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Noctua NH-L9i Low Profile Intel CPU Cooler
Author: Jason Kohrs
Manufacturer: Noctua
Source: Noctua
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Page: 4 of 5 [ 1 2 3 4 5 ]
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March 12, 2013

Installation and Operation:

The NH-L9i was installed on a Biostar H61 based Mini-ITX motherboard running an Intel G620 processor. The system is housed in the very compact Mini-Box M350 case, which forces you to use a very low profile cooler. The images below show that Noctua has used just about every fraction of a millimeter of space available to maximize the size of the NH-L9i. You can see that you have just a paper thin gap between the 4-pin 12V connector on the board, as well as the first DDR3 memory slot on the other side.

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It really is tight, but in terms of features on the motherboard it fits perfectly! Unfortunately, the NH-L9i is actually too tall for me to use in this case full-time. The M350 can use one or two 2.5" drives, which are suspended above the motherboard by a pair of brackets. I use just one 2.5" solid state drive in this system, and mount it so it is above the PicoPSU and SATA connections seen in the above images. In general, a Titan DC-155A915Z/RPW CPU cooler is used which has a fan that measures 95 x 95 x 16 mm, but an overall height of only 30mm. Just 7 mm shorter than the NH-L9i, but a world of difference between working and not working. The drive overhangs the CPU area slightly, and clears the edge of the Titan CPU cooler by a couple millimeters. With the Noctua cooler installed there is a couple millimeters of interference preventing the drive from being installed.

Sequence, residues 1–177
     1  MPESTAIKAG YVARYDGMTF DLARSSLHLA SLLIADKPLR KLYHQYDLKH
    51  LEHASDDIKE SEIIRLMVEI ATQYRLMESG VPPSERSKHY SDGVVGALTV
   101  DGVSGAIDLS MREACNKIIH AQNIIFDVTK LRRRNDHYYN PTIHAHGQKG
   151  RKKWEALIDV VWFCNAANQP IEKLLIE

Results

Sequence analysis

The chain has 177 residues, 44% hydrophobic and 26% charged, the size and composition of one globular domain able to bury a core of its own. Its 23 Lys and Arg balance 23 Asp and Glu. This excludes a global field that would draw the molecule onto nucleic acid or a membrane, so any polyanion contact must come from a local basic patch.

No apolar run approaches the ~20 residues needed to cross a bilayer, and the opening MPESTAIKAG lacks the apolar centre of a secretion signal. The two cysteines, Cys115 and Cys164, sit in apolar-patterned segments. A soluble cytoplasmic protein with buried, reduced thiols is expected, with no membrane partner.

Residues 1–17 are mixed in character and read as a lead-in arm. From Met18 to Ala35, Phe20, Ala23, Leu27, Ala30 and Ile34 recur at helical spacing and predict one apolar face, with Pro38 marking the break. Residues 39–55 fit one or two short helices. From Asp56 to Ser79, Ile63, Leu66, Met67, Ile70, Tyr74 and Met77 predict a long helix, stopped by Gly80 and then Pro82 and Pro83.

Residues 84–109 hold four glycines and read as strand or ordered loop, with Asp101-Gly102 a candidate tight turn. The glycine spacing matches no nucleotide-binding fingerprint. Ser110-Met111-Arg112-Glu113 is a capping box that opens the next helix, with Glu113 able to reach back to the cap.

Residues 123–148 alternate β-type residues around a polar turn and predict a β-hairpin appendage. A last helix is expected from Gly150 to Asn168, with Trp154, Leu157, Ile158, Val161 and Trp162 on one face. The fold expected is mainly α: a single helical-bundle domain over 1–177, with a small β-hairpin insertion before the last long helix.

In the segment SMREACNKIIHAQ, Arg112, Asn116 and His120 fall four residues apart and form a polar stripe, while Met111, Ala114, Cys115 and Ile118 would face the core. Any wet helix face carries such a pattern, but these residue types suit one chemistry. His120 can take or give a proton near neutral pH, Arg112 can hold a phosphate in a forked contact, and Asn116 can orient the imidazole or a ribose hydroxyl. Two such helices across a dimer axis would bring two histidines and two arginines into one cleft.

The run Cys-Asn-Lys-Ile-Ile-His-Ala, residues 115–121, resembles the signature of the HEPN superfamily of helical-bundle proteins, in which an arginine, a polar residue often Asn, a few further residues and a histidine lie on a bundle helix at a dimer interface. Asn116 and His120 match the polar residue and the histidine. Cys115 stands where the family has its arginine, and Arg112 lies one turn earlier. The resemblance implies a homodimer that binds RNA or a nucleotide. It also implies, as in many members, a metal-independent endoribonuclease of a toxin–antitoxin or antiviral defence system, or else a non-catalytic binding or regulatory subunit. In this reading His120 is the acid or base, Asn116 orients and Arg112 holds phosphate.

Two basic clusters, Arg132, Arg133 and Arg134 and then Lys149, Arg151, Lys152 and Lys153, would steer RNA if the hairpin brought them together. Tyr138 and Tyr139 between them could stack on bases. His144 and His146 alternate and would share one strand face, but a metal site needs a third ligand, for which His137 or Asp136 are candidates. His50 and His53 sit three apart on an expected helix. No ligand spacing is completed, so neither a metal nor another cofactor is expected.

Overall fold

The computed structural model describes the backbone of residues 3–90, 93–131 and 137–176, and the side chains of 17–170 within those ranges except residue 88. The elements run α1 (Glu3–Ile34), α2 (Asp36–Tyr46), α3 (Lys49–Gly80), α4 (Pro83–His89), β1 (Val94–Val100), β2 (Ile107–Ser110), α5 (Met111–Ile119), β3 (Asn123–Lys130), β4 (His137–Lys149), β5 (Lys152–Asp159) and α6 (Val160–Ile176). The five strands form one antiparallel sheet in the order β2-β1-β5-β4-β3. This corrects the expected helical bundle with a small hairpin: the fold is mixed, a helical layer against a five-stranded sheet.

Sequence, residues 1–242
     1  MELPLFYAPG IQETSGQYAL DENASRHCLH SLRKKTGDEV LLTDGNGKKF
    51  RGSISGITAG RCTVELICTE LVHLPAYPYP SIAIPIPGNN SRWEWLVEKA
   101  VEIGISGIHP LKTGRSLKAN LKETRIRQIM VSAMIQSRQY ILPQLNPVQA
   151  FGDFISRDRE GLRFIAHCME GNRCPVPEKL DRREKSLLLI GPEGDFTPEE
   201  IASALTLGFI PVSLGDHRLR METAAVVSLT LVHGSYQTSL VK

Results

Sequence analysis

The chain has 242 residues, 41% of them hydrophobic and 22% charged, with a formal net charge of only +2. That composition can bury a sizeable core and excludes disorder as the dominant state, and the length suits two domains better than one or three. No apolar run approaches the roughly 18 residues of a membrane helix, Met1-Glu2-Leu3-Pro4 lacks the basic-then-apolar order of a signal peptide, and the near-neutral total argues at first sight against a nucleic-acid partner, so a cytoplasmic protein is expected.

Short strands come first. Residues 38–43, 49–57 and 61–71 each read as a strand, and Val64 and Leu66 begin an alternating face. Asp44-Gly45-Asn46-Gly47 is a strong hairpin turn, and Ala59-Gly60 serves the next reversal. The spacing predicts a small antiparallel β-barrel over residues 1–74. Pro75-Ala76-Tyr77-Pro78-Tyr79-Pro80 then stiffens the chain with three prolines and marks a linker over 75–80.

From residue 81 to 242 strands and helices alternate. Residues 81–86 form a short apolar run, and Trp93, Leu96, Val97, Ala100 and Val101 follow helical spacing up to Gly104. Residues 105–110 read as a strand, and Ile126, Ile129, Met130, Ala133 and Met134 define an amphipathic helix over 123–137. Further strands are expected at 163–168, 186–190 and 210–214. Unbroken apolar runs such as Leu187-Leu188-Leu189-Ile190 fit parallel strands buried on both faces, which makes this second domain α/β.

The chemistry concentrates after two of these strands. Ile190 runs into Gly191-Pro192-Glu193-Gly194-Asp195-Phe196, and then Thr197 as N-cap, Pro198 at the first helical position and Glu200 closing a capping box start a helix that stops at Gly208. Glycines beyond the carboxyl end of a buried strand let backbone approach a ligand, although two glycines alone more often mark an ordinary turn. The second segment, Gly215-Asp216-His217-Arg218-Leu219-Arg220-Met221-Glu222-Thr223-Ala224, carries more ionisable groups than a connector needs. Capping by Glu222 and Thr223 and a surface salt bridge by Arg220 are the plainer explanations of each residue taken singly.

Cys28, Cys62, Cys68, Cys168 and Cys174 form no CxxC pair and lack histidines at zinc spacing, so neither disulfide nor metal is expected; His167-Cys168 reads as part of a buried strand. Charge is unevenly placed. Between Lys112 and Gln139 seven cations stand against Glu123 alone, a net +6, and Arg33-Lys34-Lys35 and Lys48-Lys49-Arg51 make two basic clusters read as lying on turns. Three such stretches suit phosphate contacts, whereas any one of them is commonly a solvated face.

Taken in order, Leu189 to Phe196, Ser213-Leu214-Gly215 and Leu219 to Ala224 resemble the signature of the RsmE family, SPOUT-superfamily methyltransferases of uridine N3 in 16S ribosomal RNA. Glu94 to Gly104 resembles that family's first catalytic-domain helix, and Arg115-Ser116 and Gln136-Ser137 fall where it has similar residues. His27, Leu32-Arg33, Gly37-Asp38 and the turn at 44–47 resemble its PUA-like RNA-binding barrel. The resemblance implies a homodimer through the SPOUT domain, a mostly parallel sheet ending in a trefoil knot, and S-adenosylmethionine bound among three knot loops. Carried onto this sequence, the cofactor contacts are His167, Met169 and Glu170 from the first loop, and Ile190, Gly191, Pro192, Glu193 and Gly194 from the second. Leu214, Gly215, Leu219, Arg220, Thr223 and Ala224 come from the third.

To test the performance of the NH-L9i it was compared head-to-head with two other coolers installed on the Intel G620 (with the case open and the SSD laid loosely to one side). The Titan DC-155A915Z/RPW and the stock Intel cooler will provide the competition for the Noctua NH-L9i. Idle testing consisted of letting the system sit at the Windows 7 desktop with no other applications running for a period of 30 minutes. Load testing consisted of running 3DMark Vantage back-to-back three times. HWMonitor 1.19 was used to monitor idle and load temperatures, and the room was maintained at a consistent 22 degrees Celsius.

The chart below shows the idle results, where we see that the Noctua NH-L9i is in the middle of a tightly bunched pack. What you can't see is that the NH-L9i was the quietest option. I didn't even use the LNA (low noise adapter), which might have bumped the temperature up a little, but would have brought the noise production even closer to silence.

The next chart looks at the load results, which shows that when the processor gets cranking, the NH-L9i offers the best response to taming the additional heat. The processor was 4 degrees warmer with the Titan cooler, and 13 degrees warmer with the stock Intel cooler.

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